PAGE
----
} else {
       return 0;
   }
}

Let's use step to get rid of the conditions

  float dotFromDirection = dot(surfaceToLightDirection,
                               -u_lightDirection);
  // inLight will be 1 if we're inside the spotlight and 0 if not
  float inLight = step(u_limit, dotFromDirection);
  float light = inLight * dot(normal, surfaceToLightDirection);
  float specular = inLight * pow(dot(normal, halfVector), u_shininess);

Nothing changes visually but here is that

One other thing is right now the spotlight is super harsh. We're either inside the spotlight or not and things just turn black.

To fix this we could use 2 limits instead of one, an inner limit and an outer limit. If we're inside the inner limit then use 1.0. If we're outside the outer limit then use 0.0. If we're between the inner limit and the outer limit then lerp between 1.0 and 0.0.

Here's one way we could do this

-uniform float u_limit;          // in dot space
+uniform float u_innerLimit;     // in dot space
+uniform float u_outerLimit;     // in dot space

...

  float dotFromDirection = dot(surfaceToLightDirection,
                               -u_lightDirection);
-  float inLight = step(u_limit, dotFromDirection);
+  float limitRange = u_innerLimit - u_outerLimit;
+  float inLight = clamp((dotFromDirection - u_outerLimit) / limitRange, 0.0, 1.0);
  float light = inLight * dot(normal, surfaceToLightDirection);
  float specular = inLight * pow(dot(normal, halfVector), u_shininess);

And that works

Now we're getting something that looks more like a spotlight!

One thing to be aware of is if u_innerLimit is equal to u_outerLimit then limitRange will be 0.0. We divide by limitRange and dividing by zero is bad/undefined. There's nothing to do in the shader here we just need to make sure in our JavaScript that u_innerLimit is never equal to u_outerLimit. (note: the example code does not do this).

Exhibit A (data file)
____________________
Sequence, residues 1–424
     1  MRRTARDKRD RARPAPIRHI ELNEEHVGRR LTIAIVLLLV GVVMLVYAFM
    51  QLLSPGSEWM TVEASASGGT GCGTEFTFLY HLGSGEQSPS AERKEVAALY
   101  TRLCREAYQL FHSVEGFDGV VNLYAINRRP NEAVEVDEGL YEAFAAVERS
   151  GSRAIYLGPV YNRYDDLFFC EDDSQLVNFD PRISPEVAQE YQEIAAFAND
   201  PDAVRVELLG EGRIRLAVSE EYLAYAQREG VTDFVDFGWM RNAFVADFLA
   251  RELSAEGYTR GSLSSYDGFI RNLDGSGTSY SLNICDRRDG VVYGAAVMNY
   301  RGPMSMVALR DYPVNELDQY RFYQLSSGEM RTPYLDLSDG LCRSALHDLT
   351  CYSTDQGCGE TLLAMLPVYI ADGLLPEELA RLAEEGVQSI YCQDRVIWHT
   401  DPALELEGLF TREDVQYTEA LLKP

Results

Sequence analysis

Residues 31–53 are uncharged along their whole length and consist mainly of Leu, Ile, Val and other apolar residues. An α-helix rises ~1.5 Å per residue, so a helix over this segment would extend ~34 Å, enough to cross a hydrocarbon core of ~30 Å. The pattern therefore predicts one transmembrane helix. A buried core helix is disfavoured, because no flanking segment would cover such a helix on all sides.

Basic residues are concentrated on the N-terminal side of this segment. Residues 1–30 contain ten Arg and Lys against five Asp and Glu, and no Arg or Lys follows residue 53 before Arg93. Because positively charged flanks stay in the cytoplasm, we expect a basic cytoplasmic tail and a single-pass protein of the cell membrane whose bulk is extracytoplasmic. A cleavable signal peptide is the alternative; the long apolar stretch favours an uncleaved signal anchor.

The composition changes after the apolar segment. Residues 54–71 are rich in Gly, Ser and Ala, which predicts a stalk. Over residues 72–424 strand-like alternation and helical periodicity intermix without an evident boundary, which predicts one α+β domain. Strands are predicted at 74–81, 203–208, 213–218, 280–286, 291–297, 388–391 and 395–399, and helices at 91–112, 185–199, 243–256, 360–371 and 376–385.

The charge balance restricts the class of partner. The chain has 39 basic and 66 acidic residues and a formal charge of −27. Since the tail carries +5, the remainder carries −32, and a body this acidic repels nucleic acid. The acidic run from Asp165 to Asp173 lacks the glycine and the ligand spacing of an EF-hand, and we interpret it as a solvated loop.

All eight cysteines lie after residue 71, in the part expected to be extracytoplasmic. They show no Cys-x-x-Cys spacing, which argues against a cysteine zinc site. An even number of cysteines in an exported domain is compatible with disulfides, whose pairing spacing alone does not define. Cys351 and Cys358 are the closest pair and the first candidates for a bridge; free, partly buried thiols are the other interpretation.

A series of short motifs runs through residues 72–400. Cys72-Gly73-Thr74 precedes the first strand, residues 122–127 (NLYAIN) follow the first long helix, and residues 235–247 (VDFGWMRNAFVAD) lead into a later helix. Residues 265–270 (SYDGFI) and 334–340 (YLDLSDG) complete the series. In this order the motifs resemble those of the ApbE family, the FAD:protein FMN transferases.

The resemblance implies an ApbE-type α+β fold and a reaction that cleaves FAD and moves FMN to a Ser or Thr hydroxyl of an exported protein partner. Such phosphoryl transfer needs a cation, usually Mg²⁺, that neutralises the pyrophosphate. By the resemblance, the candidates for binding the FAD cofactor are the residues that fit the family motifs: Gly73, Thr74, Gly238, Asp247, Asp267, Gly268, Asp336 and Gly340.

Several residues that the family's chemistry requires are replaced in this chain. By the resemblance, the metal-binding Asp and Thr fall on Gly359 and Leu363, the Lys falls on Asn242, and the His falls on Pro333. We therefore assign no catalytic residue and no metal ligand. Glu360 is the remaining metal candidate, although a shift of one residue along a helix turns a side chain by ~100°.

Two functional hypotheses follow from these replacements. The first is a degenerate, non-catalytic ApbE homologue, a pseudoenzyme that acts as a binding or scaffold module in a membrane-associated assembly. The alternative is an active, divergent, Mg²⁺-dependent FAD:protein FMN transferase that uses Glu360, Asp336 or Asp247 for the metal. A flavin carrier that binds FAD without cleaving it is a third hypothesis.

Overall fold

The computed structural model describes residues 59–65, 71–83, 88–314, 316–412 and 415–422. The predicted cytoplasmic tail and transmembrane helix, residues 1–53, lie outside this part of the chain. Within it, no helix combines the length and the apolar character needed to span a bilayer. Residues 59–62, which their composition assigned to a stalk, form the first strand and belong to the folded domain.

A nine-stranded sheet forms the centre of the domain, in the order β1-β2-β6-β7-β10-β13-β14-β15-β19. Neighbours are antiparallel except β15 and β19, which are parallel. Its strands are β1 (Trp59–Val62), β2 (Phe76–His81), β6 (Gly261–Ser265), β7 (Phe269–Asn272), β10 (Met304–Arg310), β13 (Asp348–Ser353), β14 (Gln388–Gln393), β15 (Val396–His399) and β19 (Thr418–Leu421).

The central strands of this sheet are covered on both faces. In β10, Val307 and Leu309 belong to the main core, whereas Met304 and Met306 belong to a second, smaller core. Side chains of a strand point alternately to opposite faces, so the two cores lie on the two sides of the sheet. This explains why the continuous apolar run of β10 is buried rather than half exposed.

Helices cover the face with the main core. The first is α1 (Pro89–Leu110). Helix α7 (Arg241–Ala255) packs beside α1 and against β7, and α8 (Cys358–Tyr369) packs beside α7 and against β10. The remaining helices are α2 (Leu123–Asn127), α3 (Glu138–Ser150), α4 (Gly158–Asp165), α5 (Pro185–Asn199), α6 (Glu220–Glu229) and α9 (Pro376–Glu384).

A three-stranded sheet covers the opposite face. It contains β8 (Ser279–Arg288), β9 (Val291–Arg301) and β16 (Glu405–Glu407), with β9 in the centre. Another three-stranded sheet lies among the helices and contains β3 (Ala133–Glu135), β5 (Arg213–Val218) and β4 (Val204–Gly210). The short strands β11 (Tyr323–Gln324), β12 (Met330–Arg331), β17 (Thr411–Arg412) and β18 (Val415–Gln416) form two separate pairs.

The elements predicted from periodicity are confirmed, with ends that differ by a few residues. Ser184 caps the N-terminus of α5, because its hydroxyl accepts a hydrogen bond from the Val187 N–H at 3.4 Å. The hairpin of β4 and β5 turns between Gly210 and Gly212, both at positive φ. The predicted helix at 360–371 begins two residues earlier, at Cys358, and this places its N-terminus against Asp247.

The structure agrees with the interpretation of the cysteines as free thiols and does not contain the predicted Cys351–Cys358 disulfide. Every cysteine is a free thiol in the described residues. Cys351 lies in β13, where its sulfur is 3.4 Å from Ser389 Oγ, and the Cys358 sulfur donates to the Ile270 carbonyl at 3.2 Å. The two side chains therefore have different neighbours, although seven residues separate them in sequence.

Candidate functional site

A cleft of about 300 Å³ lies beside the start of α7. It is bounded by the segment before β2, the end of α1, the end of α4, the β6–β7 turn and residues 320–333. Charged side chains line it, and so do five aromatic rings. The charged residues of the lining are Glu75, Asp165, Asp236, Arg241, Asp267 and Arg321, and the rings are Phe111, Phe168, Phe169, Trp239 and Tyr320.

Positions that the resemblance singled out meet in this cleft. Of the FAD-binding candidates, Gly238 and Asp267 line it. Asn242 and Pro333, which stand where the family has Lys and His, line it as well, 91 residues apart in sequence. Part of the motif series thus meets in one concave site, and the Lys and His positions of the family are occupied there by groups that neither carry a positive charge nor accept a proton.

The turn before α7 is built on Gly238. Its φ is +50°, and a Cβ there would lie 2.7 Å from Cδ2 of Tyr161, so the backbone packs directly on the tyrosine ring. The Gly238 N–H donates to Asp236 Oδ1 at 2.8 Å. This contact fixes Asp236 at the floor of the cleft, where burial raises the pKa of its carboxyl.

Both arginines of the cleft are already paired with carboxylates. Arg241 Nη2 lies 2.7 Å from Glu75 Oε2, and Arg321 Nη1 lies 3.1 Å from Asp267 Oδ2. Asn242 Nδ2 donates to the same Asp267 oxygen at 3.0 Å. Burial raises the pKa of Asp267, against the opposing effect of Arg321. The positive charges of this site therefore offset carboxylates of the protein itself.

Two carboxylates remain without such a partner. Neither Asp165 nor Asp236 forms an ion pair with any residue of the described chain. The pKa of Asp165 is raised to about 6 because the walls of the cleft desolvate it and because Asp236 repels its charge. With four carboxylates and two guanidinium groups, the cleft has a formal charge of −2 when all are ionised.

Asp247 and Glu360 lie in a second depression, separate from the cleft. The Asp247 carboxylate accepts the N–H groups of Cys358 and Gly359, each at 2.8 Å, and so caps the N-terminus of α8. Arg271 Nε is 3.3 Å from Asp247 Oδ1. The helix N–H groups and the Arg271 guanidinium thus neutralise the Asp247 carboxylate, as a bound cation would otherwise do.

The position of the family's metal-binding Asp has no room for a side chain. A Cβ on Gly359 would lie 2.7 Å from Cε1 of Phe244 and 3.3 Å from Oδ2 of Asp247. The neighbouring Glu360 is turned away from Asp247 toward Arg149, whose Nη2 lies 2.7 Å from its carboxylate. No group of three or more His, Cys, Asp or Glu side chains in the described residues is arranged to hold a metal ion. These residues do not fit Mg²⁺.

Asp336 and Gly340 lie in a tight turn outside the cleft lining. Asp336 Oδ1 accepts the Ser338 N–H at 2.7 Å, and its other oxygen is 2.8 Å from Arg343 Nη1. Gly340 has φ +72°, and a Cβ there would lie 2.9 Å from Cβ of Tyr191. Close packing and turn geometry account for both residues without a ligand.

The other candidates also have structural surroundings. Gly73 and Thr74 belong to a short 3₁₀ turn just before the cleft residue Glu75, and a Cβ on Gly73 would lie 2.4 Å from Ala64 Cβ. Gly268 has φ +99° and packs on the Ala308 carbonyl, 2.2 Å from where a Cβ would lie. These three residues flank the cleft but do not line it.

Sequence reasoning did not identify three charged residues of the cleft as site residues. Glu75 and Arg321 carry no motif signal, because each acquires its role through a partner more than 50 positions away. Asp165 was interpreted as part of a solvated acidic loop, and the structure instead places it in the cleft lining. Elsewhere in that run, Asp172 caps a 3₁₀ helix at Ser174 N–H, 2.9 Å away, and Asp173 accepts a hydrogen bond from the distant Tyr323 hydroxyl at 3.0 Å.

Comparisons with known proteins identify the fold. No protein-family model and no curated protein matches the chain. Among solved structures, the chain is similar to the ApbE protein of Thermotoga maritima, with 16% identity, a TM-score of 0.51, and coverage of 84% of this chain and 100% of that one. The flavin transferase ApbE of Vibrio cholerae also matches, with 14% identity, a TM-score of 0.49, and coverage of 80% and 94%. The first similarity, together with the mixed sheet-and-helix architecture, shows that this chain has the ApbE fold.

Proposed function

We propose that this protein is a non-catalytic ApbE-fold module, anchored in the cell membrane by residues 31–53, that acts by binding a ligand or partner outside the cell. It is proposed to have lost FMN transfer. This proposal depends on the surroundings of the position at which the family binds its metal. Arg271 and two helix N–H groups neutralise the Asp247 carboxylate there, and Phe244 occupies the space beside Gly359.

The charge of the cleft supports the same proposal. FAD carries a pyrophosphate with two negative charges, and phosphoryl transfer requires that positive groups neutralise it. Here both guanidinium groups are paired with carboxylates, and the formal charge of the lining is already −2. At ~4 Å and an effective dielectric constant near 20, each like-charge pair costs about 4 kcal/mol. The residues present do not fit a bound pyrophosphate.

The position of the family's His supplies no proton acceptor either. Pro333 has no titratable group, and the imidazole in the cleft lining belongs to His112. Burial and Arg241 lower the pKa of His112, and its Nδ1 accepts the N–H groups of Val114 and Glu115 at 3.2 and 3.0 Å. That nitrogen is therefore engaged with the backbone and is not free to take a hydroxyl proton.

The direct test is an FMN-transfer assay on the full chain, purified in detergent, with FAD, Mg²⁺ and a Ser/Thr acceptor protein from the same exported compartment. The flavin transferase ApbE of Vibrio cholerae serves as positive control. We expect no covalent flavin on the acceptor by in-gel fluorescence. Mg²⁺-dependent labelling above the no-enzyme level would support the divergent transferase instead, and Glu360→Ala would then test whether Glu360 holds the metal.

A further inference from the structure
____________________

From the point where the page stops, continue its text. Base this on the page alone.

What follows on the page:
GLSL also has a function we could use to slightly simplify this. It's called smoothstep and like step it returns a value from 0 to 1 but it takes both an lower and upper bound and lerps between 0 and 1 between those bounds.

 smoothstep(lowerBound, upperBound, value)

Let's do that

  float dotFromDirection = dot(surfaceToLightDirection,
                               -u_lightDirection);
-  float limitRange = u_innerLimit - u_outerLimit;
-  float inLight = clamp((dotFromDirection - u_outerLimit) / limitRange, 0.0, 1.0);
  float inLight = smoothstep(u_outerLimit, u_innerLimit, dotFromDirection);
  float light = inLight * dot(normal, surfaceToLightDirection);
  float specular = inLight * pow(dot(normal, halfVector), u_shininess);

That works too

The difference is smoothstep uses a Hermite interpolation instead of a linear interpolation. That means between lowerBound and upperBound it intepolates like the image below on the right whereas a linear interpolation is like the image on the left.